Welsh Labour clearly indicate the need to reform the Coal Authority in a way that would stop new coal mine applications being licenced and support existing operations winding down, with a just transition for workers involved.

Background

The need for law change: This year, Coal Action Network took the Coal Authority to the Cardiff Courts in a judicial review challenging the Coal Authority's insistence that it cannot consider matters such as climate change in determining whether to award a coal mining licence. The judge agreed with the Coal Authority, which confirms that legislative reform of the Coal Authority is needed to bring its licencing function in line with climate commitments - such as that proposed in amendment NC2 to the Energy Bill.

Time's running out: Since senior UK and Welsh Government Ministers admitted the need to cut off the pipeline of new coal mining applications, both the UK and the planet experienced its hottest ever days (2022 & 2023), June 2023 was the UK's hottest ever, and July 2023 was confirmed the hottest month worldwide since records began, and this year the world has been rocked by wild-fires, flooding, and storms. So the sense of urgency to ban coal mining and use has become even stronger.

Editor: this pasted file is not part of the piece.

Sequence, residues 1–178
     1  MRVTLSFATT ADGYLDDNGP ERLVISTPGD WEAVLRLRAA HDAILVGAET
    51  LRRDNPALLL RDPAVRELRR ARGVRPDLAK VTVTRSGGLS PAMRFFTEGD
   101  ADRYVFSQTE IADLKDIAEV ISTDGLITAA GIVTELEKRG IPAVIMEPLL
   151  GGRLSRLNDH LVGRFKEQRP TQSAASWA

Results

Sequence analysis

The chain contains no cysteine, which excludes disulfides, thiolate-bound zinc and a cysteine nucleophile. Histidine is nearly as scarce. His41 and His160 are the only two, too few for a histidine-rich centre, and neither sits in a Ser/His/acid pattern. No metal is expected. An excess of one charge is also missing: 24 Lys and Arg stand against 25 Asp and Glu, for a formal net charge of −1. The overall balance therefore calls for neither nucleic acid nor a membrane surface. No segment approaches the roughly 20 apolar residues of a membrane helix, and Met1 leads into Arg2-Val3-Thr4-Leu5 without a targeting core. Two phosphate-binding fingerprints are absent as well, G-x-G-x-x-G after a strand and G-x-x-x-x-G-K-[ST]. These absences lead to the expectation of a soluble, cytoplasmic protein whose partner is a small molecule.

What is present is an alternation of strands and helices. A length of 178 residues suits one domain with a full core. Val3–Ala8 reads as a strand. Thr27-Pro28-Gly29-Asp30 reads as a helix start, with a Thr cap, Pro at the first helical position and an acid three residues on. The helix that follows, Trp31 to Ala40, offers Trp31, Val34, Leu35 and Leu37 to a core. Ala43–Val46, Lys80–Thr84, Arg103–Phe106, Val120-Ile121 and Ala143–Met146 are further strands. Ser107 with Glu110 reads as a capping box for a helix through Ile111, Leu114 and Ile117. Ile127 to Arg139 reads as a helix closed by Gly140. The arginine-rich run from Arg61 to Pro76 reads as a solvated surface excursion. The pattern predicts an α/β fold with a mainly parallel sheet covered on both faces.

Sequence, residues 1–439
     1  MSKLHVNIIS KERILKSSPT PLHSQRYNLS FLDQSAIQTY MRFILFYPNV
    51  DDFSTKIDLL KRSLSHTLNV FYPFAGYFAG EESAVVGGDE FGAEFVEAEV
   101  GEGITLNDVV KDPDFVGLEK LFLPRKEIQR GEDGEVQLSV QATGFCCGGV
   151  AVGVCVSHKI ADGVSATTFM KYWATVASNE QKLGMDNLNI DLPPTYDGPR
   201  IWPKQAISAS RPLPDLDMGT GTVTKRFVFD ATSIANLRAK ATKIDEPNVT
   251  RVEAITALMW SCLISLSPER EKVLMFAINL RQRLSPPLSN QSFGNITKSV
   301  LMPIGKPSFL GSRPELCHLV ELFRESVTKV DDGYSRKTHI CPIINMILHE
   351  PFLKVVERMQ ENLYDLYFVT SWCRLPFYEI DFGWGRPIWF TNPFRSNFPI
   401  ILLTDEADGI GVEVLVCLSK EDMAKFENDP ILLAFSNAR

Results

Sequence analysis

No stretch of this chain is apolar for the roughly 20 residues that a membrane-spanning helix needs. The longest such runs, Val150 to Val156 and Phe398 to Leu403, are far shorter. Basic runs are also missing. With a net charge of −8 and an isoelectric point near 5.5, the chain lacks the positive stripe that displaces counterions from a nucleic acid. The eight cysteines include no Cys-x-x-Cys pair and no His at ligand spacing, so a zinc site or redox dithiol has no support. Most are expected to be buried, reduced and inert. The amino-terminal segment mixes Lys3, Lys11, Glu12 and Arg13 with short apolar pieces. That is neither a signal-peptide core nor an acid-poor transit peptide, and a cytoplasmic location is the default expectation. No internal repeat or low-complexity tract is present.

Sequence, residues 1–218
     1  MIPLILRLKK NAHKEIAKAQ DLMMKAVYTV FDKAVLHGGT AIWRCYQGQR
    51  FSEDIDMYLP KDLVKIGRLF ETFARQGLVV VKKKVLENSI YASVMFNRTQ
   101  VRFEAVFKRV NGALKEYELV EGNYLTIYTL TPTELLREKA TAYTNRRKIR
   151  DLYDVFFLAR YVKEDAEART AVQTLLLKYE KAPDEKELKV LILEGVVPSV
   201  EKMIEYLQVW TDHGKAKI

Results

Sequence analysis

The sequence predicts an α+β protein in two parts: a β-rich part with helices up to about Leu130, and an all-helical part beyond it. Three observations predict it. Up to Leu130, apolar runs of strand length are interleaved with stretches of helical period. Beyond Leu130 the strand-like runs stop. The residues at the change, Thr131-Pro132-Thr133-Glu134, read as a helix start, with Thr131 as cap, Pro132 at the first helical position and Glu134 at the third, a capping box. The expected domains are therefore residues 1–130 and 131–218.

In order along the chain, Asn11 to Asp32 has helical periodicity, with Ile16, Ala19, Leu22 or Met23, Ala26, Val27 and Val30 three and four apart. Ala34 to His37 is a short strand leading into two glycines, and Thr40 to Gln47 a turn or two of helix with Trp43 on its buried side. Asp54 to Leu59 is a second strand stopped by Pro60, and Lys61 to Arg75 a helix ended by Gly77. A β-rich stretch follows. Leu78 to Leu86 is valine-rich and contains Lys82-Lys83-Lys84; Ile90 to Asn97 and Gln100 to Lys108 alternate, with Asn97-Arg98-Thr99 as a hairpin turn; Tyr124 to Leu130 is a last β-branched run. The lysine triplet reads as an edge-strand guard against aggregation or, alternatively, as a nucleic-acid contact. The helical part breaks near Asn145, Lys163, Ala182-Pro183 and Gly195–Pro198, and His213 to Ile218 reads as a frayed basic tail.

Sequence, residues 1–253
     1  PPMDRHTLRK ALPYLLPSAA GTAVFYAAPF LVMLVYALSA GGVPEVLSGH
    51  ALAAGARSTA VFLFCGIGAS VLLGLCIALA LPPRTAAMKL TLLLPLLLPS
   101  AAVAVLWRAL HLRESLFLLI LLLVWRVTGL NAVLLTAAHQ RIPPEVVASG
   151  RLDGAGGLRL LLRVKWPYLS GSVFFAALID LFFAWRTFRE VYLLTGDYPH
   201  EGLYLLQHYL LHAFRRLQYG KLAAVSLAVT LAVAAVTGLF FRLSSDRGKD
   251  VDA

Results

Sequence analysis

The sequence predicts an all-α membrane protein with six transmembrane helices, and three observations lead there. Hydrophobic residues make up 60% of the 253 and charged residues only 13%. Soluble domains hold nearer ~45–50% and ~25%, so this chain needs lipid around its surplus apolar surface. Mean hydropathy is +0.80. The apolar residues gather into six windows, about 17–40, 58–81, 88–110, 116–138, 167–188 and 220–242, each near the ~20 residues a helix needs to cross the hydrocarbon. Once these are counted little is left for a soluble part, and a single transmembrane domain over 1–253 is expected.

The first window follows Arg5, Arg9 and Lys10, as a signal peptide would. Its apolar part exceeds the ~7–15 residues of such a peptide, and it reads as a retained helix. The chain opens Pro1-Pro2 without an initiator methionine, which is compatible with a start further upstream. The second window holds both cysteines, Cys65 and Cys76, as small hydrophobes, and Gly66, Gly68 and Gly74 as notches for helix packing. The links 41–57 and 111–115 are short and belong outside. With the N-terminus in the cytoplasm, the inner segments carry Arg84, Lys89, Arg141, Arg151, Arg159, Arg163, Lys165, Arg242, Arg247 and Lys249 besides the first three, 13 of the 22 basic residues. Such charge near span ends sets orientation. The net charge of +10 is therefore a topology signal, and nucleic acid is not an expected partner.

Security of supply concerns: Alongside increasing this escalating urgency, TATA Port Talbot steelworks announcing it will imminently transition to recycling steel or else face closure, and British Steel reporting it will close its coke ovens. A credible home insulation plan would remove any energy security issues for keeping warm this - and future - winters, rather than spending more of my tax money propping up dirty coal power stations again. These are the only significant consumers of coal remaining in the UK so there is no energy security case to be made for continuing to mine coal in the UK.

Published: 18.08.2023 Updated: 22.08.2023

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Jane mansfield
Jane mansfield
9 months ago

Thanks for really clear summary. Will contact my mp now.